"Surowiecki's style is pleasantly informal, a tactical disguise for what might otherwise be rather dense material. He offers a great introduction to applied behavioral economics and game theory." (Publishers Weekly)
This audiobook delivers what it promises and then some. James S. starts out with a provocative premise about WISE crowds (honestly, don't we think that most crowds are uninformed, crazy, act like sheep, etc...) and delivers detailed, deep examples of how, darn it, crowds ARE smart given some broad and sensible conditions. But this audiobook touches on much more than crowd psychology: economics, statistics, business, politics, science, history, sports. The range is impressive and endlessly fascinating. Good narration, extremely interesting, I have returned to parts of this audiobook more than once!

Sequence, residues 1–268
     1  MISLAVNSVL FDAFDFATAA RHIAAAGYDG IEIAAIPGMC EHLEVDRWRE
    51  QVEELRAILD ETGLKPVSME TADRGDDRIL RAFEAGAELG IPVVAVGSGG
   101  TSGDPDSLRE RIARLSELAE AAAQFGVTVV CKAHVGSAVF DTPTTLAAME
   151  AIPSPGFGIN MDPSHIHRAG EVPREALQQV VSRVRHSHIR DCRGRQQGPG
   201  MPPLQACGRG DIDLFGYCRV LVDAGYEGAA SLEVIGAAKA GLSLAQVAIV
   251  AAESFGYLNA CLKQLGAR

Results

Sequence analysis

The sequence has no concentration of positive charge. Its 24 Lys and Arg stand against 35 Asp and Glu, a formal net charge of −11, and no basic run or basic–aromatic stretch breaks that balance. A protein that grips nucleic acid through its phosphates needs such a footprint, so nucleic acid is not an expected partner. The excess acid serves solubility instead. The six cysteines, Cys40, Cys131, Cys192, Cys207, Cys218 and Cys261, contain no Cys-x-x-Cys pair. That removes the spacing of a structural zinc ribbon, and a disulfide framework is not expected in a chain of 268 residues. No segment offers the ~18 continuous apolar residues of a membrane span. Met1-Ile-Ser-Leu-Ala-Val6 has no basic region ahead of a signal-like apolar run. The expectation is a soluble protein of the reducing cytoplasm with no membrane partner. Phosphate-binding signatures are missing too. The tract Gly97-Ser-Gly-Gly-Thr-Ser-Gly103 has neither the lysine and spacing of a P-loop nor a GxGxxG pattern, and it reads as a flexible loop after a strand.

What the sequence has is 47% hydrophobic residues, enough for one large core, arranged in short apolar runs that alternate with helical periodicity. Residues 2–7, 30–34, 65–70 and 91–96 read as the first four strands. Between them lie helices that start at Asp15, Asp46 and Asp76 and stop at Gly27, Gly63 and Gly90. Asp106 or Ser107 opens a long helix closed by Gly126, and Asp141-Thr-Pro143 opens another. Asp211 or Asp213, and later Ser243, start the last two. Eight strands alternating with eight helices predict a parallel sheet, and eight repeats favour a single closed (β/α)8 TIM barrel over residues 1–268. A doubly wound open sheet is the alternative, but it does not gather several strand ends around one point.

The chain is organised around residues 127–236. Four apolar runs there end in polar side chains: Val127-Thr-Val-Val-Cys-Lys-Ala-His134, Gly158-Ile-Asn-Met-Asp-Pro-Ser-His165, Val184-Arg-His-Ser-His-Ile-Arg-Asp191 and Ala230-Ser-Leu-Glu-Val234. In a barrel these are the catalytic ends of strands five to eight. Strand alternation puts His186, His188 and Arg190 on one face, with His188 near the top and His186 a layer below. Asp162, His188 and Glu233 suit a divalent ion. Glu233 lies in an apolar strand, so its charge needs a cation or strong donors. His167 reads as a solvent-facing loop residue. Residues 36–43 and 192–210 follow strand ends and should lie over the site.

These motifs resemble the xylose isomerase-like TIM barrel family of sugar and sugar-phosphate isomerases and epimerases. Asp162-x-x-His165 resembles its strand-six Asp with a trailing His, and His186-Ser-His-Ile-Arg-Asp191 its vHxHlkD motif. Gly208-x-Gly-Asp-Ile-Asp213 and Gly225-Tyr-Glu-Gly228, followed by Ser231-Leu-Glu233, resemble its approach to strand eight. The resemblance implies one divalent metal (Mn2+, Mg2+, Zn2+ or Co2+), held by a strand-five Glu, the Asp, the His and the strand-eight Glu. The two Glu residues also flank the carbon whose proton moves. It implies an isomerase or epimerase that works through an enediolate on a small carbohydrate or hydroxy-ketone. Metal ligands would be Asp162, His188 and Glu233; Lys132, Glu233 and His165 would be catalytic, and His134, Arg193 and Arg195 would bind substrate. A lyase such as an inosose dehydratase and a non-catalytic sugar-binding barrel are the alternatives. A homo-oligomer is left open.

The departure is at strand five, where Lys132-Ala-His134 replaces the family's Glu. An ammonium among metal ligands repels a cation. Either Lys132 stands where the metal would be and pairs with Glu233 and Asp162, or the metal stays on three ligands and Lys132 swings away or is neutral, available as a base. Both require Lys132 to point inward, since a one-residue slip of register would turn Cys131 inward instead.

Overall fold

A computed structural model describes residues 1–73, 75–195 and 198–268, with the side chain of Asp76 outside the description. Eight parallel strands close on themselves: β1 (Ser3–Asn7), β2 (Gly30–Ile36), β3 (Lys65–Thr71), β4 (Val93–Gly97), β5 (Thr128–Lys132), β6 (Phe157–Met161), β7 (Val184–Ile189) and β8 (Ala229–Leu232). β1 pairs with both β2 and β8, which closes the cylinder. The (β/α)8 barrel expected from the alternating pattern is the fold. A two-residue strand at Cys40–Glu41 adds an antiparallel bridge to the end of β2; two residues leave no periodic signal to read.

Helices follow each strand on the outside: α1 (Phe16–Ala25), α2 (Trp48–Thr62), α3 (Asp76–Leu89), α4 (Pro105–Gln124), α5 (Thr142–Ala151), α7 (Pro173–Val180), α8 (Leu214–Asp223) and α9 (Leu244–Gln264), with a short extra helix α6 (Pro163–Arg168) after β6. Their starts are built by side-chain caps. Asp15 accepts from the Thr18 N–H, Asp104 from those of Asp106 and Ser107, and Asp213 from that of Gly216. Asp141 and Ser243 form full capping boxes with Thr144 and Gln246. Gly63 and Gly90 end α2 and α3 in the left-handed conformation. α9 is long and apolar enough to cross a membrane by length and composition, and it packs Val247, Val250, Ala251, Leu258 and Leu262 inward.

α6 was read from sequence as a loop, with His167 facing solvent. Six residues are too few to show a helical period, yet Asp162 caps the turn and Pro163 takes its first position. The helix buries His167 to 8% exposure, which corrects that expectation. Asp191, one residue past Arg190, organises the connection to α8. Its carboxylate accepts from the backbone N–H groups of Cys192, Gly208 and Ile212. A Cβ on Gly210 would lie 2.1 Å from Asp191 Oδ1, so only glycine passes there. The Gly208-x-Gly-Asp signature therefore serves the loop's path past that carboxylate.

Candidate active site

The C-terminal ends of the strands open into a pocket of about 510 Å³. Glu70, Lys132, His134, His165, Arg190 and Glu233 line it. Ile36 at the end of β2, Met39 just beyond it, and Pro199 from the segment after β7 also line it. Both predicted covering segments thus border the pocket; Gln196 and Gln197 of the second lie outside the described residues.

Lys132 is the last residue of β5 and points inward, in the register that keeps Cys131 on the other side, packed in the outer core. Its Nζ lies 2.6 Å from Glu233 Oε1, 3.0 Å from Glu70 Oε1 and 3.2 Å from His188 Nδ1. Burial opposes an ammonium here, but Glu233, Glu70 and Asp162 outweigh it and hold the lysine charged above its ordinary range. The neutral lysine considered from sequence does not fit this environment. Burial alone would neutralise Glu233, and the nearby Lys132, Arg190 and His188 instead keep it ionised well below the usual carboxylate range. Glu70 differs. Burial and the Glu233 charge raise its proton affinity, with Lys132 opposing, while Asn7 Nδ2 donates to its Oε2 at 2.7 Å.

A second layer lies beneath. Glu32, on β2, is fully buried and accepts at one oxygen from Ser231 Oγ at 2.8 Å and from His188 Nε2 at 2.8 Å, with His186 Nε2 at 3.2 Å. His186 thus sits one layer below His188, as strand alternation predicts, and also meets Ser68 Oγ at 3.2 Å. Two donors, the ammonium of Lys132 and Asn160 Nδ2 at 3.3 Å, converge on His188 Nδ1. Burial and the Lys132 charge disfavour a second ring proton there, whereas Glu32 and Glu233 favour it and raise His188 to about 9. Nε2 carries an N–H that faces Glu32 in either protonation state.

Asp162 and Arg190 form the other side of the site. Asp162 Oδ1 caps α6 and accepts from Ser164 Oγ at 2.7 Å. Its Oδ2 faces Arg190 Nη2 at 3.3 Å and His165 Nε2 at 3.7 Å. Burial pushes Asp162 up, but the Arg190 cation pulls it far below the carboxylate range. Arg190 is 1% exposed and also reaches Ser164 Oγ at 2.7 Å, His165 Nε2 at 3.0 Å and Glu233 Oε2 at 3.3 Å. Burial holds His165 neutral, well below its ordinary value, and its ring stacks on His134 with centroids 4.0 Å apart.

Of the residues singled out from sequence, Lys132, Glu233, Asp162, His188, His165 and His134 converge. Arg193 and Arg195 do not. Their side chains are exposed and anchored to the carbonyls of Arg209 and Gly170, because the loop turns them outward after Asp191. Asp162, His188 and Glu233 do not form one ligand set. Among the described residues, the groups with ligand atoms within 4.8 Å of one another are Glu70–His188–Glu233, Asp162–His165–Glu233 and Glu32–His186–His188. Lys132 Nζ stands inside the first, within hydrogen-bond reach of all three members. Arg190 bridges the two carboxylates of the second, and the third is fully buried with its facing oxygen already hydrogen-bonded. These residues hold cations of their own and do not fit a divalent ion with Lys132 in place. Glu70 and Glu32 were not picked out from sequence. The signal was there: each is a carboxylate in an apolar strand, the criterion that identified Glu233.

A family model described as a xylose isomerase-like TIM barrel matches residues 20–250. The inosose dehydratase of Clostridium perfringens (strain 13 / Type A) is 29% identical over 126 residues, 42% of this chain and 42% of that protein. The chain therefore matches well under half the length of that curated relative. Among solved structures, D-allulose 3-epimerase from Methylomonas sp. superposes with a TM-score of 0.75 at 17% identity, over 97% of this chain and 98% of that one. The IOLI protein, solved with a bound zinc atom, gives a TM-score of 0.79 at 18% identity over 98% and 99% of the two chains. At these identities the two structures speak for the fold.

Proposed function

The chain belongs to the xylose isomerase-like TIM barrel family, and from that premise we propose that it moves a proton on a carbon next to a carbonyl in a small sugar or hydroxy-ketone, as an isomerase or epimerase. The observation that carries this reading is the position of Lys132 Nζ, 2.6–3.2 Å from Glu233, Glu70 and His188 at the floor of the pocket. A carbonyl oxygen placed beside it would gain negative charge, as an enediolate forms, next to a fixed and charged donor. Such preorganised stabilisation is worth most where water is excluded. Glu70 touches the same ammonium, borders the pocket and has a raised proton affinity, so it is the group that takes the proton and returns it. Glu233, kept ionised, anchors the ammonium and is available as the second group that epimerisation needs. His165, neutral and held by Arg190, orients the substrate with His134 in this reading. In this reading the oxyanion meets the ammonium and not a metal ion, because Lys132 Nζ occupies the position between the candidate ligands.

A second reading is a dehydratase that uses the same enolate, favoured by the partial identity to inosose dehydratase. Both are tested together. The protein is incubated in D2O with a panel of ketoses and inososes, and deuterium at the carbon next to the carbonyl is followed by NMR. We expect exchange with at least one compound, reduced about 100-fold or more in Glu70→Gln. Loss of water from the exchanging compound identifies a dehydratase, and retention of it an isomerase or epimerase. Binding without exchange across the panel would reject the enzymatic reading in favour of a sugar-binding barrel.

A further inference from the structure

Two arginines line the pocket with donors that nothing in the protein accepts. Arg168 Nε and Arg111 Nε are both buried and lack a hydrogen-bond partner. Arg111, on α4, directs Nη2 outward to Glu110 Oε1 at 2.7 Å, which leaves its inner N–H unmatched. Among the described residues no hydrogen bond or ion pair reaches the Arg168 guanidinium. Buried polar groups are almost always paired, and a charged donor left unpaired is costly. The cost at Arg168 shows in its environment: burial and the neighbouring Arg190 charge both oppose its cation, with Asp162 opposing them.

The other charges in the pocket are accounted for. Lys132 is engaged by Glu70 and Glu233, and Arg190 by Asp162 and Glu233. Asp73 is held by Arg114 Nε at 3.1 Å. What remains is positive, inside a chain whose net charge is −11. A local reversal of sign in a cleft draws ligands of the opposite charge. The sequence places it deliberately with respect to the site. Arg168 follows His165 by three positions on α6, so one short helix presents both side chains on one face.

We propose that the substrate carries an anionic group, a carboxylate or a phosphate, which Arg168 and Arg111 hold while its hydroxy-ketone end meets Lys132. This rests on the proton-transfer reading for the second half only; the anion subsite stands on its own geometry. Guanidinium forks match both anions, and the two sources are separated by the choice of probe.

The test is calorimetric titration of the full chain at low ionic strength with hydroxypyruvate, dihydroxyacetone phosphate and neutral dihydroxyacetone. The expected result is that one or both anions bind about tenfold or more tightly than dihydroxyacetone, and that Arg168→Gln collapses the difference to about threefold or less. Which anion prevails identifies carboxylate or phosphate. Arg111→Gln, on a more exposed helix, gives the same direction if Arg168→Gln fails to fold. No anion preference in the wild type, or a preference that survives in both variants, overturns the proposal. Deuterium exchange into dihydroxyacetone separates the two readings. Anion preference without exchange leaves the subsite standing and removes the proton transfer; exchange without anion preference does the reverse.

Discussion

A profound examination that seems to tread remarkably close to defining
a kind of sacred mathmatics for the analysis and interpretation of group dynamics. Surowieki, in his consise and readable style, aggressively upends much of what assume to be true about how we actually do behave in the "crowds" we are participants in, and, how it is that our collective reasoning has both a capacity for stunning intelligence and shocking irrationality.
I have read all the complaints, and all I can say is that, yes, sometimes it did get a bit boring. But never for long. And, in retrospect, the boring parts were difficult but necessary to explain the point the author was making. All points were valid, and everything was backed up by studies. Even when the author was just giving an anecdote, he would then back it up with a study to show relevance.